31 years. Hard to believe it’s been that long.
John Lennon was both a true original and a genuine human being. His life was a panorama of triumphs and failures, admirable qualities and inexplicable behavior. One minute he is leading a movement, the next in total withdrawal. His moods, passions and interests, often visible to the whole world, were ever-changing and unpredictable.
John Lennon was the process of becoming, personified. Searching, discovering, searching.
What I admired most about his musical artistry was his unwillingness to settle for the status quo. If he had chosen to do so, the Beatles could have continued releasing an endless stream of pop hits in the same vein as “Eight Days a Week,” raked in millions and retired quite comfortably at thirty. Instead, he kept pushing for something different, something new, something weird. Instead of doing what McCartney called “The Son of Please, Please Me,” he gave us “Tomorrow Never Knows,” “Strawberry Fields Forever,” and “I Am the Walrus.” All of those songs stretched the concept of what was possible in modern rock. Not content with that, he pushed the limits further with “Revolution #9,” the track most people skip but in fact the defining track of the White Album. He was always pressing George Martin to make his voice sound different despite having one of the greatest voices in rock history.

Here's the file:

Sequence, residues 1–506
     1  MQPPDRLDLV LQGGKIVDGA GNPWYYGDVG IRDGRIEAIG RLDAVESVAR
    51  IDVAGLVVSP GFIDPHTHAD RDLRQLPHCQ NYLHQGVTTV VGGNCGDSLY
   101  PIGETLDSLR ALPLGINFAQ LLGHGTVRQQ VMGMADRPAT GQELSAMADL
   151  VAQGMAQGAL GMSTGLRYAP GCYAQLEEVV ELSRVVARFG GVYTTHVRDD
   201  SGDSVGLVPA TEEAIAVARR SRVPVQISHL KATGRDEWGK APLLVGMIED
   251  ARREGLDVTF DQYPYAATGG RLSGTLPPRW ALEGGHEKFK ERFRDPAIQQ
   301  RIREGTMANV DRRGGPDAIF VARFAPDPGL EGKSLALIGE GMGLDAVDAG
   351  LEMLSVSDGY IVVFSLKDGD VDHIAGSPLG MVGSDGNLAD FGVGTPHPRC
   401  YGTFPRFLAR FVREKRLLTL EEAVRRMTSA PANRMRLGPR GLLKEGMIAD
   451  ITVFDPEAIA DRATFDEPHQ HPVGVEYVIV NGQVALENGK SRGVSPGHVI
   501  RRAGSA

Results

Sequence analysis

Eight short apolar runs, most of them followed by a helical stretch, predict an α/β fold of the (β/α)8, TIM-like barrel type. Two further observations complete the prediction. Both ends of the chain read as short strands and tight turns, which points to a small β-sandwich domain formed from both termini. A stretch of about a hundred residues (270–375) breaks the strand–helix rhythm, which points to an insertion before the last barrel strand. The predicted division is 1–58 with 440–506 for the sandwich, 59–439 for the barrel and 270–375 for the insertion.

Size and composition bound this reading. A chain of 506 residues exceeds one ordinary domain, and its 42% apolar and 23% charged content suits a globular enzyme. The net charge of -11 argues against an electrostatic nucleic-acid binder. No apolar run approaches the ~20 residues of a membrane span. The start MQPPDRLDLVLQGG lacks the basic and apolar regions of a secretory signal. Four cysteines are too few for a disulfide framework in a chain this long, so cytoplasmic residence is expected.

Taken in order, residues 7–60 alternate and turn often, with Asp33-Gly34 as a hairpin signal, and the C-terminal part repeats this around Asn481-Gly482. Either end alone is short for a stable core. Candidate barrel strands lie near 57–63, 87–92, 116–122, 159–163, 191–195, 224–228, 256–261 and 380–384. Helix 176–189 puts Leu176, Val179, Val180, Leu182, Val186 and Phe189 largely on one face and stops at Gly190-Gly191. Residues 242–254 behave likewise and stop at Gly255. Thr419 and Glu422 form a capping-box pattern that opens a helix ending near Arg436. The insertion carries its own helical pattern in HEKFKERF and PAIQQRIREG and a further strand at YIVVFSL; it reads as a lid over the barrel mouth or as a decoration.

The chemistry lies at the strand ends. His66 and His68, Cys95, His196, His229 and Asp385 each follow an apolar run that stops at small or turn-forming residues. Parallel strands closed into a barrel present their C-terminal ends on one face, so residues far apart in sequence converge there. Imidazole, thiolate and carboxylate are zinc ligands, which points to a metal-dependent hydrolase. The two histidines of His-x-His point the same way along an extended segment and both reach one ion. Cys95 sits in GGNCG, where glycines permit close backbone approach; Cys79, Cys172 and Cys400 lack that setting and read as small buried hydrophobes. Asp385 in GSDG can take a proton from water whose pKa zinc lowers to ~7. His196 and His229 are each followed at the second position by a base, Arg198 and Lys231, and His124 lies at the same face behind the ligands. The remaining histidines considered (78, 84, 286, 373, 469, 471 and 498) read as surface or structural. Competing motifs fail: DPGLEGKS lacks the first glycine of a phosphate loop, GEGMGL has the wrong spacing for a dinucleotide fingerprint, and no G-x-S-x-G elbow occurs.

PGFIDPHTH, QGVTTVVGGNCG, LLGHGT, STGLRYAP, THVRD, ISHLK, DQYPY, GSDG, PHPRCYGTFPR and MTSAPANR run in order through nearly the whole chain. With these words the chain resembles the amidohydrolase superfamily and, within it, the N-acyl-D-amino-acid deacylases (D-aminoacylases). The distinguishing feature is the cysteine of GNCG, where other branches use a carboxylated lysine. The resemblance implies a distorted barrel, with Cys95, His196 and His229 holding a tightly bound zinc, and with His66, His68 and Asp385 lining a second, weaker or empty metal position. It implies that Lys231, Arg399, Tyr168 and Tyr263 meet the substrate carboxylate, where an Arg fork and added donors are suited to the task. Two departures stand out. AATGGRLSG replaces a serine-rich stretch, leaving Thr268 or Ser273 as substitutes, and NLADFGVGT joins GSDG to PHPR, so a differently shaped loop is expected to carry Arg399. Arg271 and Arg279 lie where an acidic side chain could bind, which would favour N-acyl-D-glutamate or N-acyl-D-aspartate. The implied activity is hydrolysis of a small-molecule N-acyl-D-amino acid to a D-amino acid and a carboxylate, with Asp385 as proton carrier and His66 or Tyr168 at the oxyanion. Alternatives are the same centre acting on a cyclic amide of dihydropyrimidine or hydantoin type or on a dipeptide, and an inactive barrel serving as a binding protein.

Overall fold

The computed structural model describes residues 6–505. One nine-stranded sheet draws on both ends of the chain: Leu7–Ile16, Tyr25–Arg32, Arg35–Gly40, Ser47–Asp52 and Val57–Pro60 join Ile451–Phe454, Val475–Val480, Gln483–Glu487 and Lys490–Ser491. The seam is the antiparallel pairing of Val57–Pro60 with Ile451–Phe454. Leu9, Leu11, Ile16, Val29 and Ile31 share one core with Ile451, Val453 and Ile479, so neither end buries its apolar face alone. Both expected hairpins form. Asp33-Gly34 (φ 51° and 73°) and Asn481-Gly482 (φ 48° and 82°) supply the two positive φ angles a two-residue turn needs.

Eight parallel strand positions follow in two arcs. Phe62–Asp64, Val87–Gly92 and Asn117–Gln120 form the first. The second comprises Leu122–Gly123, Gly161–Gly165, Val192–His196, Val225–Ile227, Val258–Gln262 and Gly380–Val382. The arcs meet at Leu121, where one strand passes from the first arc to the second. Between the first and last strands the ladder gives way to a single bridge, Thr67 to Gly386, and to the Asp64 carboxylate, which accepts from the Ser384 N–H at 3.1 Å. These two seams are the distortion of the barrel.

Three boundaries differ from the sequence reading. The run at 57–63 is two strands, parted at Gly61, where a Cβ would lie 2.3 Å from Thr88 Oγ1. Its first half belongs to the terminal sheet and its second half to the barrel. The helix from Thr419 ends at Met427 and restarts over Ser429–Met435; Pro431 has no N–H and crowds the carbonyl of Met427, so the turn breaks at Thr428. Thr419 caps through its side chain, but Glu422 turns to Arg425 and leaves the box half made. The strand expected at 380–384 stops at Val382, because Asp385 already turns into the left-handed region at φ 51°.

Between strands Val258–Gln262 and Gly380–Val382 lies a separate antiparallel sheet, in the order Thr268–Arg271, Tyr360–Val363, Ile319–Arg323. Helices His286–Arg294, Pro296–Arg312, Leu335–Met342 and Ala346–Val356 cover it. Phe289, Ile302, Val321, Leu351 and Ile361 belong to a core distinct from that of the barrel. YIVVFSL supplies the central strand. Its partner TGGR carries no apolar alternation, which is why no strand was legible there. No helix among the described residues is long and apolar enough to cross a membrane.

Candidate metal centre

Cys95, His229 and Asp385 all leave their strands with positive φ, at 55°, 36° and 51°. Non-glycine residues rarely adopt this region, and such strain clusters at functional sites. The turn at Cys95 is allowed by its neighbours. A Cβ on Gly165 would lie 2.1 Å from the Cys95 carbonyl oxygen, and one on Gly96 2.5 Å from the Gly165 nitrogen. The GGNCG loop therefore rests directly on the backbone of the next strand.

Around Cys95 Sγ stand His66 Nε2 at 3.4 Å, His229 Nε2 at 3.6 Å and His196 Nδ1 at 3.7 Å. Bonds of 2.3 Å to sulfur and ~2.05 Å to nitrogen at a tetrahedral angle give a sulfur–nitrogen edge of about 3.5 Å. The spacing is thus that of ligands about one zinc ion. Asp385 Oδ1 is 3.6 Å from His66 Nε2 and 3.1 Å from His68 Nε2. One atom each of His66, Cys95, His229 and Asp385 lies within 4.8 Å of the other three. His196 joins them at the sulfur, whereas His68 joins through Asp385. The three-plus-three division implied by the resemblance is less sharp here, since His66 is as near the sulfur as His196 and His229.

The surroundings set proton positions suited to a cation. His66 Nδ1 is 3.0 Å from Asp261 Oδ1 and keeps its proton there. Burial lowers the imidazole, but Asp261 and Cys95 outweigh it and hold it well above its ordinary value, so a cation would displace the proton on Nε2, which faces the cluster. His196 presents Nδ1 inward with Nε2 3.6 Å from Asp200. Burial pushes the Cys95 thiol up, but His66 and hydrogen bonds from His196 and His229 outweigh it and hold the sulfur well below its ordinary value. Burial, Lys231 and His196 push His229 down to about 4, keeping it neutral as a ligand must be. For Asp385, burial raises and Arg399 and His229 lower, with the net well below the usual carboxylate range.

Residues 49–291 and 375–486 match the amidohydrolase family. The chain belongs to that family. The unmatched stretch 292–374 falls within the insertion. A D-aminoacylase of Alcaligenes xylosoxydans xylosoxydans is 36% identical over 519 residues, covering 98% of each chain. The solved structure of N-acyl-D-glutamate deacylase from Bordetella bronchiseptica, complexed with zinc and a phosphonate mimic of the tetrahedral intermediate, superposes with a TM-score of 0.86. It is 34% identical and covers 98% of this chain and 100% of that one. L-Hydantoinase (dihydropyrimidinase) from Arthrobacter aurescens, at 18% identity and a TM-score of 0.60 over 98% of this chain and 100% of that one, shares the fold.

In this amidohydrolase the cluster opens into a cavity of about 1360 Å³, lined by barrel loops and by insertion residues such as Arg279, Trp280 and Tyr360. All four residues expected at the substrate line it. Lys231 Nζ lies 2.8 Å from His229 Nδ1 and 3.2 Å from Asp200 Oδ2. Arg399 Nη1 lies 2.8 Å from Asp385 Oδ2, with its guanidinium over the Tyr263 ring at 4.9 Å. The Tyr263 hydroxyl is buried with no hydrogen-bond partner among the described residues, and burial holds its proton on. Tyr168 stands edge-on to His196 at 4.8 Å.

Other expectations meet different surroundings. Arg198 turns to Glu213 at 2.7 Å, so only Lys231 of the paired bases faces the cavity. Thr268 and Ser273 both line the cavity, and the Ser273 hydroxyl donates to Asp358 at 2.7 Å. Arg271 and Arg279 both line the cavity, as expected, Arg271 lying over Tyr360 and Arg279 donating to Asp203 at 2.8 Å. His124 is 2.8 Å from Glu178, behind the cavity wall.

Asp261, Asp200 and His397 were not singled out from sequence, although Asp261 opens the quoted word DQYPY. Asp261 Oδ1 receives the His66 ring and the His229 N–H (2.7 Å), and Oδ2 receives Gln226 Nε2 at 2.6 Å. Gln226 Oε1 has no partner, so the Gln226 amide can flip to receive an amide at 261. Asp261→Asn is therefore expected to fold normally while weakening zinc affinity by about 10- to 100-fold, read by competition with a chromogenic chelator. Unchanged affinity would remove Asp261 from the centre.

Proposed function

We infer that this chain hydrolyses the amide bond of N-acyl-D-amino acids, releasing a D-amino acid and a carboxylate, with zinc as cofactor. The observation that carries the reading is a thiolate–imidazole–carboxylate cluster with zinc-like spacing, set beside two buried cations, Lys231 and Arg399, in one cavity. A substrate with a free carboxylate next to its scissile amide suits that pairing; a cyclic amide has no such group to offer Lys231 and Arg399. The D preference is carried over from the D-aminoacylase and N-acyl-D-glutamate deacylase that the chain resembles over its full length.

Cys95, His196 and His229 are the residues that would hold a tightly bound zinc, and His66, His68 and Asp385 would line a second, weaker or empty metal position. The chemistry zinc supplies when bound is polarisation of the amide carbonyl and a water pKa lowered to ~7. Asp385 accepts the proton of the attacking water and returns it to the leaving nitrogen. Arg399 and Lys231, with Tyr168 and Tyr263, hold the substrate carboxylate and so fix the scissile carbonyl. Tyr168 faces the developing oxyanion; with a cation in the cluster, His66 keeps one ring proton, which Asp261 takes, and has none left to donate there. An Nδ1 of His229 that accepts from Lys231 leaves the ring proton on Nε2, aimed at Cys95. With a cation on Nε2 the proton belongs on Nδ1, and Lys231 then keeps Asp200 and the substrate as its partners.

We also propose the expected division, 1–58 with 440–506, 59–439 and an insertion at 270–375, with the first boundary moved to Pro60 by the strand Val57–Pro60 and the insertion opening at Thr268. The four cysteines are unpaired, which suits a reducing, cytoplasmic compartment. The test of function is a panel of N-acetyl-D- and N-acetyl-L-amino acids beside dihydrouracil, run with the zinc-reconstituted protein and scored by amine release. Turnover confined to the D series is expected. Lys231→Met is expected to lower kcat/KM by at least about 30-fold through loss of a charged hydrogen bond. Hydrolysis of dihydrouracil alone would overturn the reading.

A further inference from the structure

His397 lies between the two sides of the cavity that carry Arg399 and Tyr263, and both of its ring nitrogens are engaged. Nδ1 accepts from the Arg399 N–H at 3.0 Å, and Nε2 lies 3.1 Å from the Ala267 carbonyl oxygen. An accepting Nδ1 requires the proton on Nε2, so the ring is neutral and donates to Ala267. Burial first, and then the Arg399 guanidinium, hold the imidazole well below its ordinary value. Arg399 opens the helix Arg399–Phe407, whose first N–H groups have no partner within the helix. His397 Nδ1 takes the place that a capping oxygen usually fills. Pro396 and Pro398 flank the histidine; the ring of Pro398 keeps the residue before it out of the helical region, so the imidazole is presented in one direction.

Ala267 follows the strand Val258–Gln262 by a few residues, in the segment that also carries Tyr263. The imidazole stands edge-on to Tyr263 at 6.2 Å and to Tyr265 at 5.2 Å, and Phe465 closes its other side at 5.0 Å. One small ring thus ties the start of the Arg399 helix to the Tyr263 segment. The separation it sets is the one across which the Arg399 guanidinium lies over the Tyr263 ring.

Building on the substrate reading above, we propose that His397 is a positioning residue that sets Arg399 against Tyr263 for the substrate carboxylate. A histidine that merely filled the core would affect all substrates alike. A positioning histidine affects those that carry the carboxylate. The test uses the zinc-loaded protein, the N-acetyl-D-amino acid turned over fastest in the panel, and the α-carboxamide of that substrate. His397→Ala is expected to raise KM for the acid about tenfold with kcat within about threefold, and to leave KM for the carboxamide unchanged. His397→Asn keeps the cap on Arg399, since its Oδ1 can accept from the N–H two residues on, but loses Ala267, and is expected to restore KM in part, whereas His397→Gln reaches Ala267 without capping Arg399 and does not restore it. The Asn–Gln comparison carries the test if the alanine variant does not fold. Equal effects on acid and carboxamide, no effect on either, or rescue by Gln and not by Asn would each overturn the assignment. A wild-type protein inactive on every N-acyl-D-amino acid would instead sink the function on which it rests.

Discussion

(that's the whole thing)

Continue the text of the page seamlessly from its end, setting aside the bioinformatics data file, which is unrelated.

Searching, discovering, searching: the core pattern of John Lennon.
He could have had any woman in the world and then some. He chose a Japanese artist with poor public relations skills. His fans hated her. He loved her, and that was that.
Dropping out of the public eye to be a stay-at-home father would be unthinkable for those mega-stars of today whose egos demand that they hang on long past their prime. The world expected new John Lennon music; he realized he was more than his music and had no obligation to live up to our expectations.
Searching, discovering, searching again.
He was a person who tried to turn fame into a positive force for change and was killed because of that fame, because of the madness that permeates a world that confuses fame with identity.
We miss him because no one has followed his example. The people we call stars today, even those who engage in apparent charity work, do nothing to challenge our thinking, our assumptions, our beliefs. They stay within their comfort zones and manage their images very carefully. They complain about the trap they find themselves in, the trap they created for themselves.
Unlike Lennon, they are exceedingly boring, and Lennon was never that.
Although “Imagine” would not make my top 10 list of Lennon songs, I deeply appreciate the message contained in “imagine there’s no countries . . . and no religion, too”. Lennon identified the two most destructive and unnecessary forces in the world today and encouraged us to believe we can live without them. Of course, those who draw power or identify from religion and politics would beg to differ, but Lennon has more credibility because he had no vested interest in the outcome.
I wish that instead of holding vigils at Strawberry Fields, people would commit to a lifetime of discovery, to search, discover and search again. Making us aware of that possibility is John Lennon’s greatest legacy.